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To Tweet or Not to Tweet

by Admin 26. February 2009 14:02

So there's a lot of buzz right now about Twitter and how small businesses can leverage it.  Everyone has ideas about how this microblogging phenomenon can help companies improve communication with customers and foster open dialogue and feedback. While all of that seems to be a good thing, it remains to be seen how much value a company can get out of Twitter for the time they put into it.

Benefits

There is an article on CIO.com that discusses the best ways to get started using Twitter for your business. For businesses, you need to be interested in sharing ideas and tips with others in your industry or field and also committed to responding to others, which is called "following." For example, a small marketing firm might join Twitter, seach out other marketing professionals and discuss articles, news, industry updates, etc.

The other benefit is that, when you have enough of a following, you will see an increase in traffic on your website, blog, etc. and perhaps an increase in sales. This would come from the large exposure of your company to your followers on Twitter who perceive you as an "expert" and will be interested in your product themselves, or pass your information on to others.

Drawbacks

The main thing Twitter is not for, however, is self promotion. You should not put your blog and website link on every update. The idea is to connect with others and build relationships with those who share common interests. Trying to aggressively sell yourself is highly frowned upon (and it is in the blogosphere as well).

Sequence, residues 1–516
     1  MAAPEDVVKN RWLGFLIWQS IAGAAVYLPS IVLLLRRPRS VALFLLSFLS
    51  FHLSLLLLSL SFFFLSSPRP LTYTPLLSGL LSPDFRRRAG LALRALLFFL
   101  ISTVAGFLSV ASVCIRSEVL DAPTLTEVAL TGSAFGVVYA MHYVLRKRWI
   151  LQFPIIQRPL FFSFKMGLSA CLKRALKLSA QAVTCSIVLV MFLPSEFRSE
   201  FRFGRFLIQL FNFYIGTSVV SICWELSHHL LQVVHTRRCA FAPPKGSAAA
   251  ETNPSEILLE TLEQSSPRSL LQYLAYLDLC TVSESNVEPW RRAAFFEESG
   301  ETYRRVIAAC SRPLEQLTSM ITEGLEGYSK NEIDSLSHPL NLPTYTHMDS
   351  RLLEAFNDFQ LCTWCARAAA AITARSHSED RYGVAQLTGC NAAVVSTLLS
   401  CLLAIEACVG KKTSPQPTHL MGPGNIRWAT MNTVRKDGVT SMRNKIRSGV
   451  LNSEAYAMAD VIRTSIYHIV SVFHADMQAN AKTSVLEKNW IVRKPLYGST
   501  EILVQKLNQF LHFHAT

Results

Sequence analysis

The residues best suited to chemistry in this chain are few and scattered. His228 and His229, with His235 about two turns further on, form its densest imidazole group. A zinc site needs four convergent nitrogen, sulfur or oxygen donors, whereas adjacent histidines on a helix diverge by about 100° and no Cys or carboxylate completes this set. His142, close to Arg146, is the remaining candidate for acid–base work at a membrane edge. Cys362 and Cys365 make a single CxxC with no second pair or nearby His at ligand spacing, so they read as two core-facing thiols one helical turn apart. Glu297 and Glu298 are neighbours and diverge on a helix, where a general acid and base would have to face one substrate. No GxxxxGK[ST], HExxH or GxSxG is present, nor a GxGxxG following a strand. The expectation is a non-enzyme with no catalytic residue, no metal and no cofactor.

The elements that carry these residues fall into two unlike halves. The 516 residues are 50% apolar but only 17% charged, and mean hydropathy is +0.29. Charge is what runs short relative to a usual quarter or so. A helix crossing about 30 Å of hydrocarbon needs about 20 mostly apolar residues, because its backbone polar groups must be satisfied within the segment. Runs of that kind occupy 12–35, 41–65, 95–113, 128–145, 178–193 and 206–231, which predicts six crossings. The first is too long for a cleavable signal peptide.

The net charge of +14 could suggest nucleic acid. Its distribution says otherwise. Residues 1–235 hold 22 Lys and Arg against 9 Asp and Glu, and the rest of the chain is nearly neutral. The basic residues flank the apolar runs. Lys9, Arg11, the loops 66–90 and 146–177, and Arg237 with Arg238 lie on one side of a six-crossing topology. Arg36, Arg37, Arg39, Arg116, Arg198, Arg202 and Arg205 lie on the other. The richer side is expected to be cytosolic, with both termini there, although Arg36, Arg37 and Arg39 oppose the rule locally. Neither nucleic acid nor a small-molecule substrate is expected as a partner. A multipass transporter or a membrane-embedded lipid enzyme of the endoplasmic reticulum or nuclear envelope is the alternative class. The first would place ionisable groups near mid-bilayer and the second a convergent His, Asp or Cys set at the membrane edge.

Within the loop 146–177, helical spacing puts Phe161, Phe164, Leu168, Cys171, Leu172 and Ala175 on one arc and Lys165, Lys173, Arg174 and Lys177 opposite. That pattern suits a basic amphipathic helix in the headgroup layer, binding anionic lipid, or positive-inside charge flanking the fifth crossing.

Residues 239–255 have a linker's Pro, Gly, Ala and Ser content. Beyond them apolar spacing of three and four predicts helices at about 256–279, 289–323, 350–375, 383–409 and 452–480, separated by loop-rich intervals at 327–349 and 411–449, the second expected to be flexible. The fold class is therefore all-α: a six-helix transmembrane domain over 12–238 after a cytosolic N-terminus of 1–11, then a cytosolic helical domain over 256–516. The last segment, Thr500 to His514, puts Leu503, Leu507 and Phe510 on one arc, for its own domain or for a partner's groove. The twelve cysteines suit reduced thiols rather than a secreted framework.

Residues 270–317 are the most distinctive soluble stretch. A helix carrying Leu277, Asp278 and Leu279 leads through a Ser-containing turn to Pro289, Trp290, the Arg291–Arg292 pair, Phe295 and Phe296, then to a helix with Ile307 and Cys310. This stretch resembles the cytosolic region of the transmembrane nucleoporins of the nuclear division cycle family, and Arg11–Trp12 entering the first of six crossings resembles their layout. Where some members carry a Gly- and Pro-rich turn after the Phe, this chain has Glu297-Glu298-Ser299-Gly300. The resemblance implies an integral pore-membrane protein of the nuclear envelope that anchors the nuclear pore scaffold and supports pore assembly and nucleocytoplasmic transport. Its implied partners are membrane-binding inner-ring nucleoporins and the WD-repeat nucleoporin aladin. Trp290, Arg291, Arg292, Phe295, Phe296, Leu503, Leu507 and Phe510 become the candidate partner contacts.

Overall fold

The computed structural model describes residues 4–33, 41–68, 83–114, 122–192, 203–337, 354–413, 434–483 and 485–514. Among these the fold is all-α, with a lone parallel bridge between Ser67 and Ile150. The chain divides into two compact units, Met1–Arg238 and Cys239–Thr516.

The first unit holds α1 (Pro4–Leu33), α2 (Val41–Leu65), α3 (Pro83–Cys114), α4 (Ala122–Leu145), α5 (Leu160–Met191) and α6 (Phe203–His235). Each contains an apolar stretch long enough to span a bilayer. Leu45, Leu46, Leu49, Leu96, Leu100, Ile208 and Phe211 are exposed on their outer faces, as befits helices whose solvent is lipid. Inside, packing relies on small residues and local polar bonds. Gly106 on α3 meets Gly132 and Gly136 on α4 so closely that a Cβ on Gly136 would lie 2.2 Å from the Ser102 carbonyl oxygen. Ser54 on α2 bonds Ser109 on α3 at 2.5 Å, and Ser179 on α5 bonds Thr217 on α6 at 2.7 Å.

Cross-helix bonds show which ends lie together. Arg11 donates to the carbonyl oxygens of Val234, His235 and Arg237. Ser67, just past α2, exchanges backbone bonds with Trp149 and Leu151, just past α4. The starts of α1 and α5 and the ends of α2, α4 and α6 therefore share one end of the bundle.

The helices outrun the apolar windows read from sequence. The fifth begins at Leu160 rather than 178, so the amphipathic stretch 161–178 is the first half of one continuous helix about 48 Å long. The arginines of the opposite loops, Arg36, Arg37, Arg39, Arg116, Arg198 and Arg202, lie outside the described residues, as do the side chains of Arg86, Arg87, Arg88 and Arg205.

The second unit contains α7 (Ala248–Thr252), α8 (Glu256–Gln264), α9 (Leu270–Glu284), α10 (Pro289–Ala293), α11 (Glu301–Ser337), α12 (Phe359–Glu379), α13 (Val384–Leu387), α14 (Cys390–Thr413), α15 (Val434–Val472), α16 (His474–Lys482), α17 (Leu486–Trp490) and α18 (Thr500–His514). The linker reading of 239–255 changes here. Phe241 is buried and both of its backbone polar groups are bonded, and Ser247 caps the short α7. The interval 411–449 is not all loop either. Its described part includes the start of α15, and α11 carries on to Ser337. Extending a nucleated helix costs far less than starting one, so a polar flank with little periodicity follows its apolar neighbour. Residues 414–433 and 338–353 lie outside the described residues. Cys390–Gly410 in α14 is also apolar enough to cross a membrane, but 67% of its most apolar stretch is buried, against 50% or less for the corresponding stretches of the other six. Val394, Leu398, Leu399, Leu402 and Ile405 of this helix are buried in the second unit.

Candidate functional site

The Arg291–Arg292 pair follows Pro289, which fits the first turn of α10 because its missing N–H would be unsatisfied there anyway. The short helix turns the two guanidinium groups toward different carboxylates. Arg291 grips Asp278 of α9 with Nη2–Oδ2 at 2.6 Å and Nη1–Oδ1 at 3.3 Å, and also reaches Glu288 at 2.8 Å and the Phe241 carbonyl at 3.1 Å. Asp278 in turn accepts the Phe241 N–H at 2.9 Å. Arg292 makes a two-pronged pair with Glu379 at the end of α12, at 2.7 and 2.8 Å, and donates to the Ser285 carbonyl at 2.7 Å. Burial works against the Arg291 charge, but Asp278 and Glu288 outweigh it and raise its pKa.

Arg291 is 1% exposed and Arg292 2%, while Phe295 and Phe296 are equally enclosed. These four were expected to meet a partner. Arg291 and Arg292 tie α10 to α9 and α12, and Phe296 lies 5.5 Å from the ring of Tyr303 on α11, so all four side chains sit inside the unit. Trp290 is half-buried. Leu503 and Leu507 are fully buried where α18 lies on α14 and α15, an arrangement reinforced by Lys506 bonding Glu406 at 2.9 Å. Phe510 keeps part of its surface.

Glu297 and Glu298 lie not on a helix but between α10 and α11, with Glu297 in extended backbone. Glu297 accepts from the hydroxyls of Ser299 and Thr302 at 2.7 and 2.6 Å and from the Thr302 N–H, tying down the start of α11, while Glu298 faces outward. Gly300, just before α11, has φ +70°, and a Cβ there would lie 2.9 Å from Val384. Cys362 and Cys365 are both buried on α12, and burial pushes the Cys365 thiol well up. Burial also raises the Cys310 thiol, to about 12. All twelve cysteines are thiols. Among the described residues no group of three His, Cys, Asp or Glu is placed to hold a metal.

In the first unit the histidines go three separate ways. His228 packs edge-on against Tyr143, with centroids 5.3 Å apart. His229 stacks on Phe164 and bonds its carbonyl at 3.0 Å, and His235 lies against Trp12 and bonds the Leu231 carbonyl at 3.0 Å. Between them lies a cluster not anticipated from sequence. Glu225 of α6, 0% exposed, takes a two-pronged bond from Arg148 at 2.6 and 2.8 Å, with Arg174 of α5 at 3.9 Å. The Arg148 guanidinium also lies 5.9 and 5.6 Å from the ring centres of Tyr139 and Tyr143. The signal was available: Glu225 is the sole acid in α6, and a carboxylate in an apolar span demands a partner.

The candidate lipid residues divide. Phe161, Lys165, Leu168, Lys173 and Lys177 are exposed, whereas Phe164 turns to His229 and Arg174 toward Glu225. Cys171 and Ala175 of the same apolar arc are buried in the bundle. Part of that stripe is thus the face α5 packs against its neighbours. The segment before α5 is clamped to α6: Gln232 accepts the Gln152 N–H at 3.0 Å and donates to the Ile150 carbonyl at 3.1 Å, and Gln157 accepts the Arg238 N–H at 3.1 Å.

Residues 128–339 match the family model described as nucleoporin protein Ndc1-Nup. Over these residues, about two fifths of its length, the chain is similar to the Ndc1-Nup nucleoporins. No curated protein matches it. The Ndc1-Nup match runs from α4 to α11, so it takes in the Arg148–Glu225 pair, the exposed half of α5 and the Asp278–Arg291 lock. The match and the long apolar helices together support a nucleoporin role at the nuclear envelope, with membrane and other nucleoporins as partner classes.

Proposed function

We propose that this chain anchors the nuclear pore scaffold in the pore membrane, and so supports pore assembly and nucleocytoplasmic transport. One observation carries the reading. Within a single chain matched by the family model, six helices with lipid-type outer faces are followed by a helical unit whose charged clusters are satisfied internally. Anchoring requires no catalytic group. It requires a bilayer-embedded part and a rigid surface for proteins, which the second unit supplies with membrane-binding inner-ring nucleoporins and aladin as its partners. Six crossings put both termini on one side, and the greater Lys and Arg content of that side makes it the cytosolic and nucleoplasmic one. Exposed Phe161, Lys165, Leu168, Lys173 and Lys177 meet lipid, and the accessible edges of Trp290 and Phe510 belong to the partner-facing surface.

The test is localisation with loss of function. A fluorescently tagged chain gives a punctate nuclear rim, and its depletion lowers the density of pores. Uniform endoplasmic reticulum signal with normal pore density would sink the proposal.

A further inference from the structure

It seems to me that this would all take a large amount of work. I am still unsure of the true benefit this would provide to OfficeClip; some people say it won't take a lot of time because the updates are only 140 characters. This is certainly a fair point, but you still have to find the research, news, etc. to share with others. Also, every other kind of social networking, such as Facebook, LinkedIn and even blogging and forums, require quite a bit of time investment in order to achieve results. Its seems that Twitter would need to be approached from that perspective as well: you get out of it what you put into it. The question I have is, what do you really get out of it as a small business?

What to do?

But, on the other hand, we all know how powerful the internet is and how many companies are not taking full advantage. Maybe this a great to join Twitter then and get established as a company unafraid to enter the world of micro-blogging. I would love to hear some ways that Twitter has or has not worked for you, please leave comments below!

 

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Small Business Tips | Marketing Strategies

Comments (3) -

2/28/2009 8:03:38 PM #

Here is a good article on this topic: www.chrisbrogan.com/.../

James Patrick

3/16/2009 6:03:43 AM #

Interesting article and correct on my many accounts. Id say the "conversation" part is where most large companies particularly media that use Twitter don't get it. They just post headlines to articles and if I wanted a headline Id go to the website or sign up for an RSS feed! One large and dominant Australian media outlet last I looked had "0 following" and yet had a few hundred followers. Automatically I thought there is no reciprocity here so I didnt follow them. There is @sirdickbranson. I followed him then tweeted him was it THE Mr Branson I was following? Of course no response. I knew it couldnt be THE Mr Branson and its probably just some PR person but immediately I felt disappointed and stopped following. I felt disappointed as the tweets are all written as if they are from him when in fact they are not and when I tried to engage in a conversation there was no response. So with Twitter remember (1) its a conversation (2) its not an extension of your marketing its communication and (3) be a person! (4) thank people for following you and responded to their tweets if at all possible....its common courtesy.

@babysitterdirec

Ann Nolan

3/16/2009 11:03:19 AM #

Ann, Thanks for the thougtful comment.

admin

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